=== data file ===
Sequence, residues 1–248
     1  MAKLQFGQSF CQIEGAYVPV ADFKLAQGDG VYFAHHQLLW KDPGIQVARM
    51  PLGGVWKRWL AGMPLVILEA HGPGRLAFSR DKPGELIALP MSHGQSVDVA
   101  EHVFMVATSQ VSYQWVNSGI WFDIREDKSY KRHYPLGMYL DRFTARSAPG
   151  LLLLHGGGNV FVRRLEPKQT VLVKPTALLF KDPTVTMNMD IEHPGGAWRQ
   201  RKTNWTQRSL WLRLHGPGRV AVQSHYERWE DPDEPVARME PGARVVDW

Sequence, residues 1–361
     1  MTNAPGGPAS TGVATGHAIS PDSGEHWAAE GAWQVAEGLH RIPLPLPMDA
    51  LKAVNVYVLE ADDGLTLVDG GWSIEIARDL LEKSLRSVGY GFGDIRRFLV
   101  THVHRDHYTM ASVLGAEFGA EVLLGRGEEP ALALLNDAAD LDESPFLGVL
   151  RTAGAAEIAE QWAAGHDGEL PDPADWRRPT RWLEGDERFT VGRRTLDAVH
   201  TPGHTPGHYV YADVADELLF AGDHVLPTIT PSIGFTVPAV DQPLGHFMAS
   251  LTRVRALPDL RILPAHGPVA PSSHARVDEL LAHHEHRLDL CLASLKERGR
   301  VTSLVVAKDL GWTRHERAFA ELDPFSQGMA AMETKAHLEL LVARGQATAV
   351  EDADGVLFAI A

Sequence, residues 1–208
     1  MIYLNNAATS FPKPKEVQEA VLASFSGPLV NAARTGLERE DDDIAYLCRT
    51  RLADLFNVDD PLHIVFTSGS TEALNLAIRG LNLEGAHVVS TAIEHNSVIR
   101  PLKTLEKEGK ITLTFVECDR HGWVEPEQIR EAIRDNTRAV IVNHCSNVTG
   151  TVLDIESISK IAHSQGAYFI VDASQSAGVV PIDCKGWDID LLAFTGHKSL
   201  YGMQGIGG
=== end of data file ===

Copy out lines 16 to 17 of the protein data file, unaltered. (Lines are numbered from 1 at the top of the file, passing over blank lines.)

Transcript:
Sequence, residues 1–208
     1  MIYLNNAATS FPKPKEVQEA VLASFSGPLV NAARTGLERE DDDIAYLCRT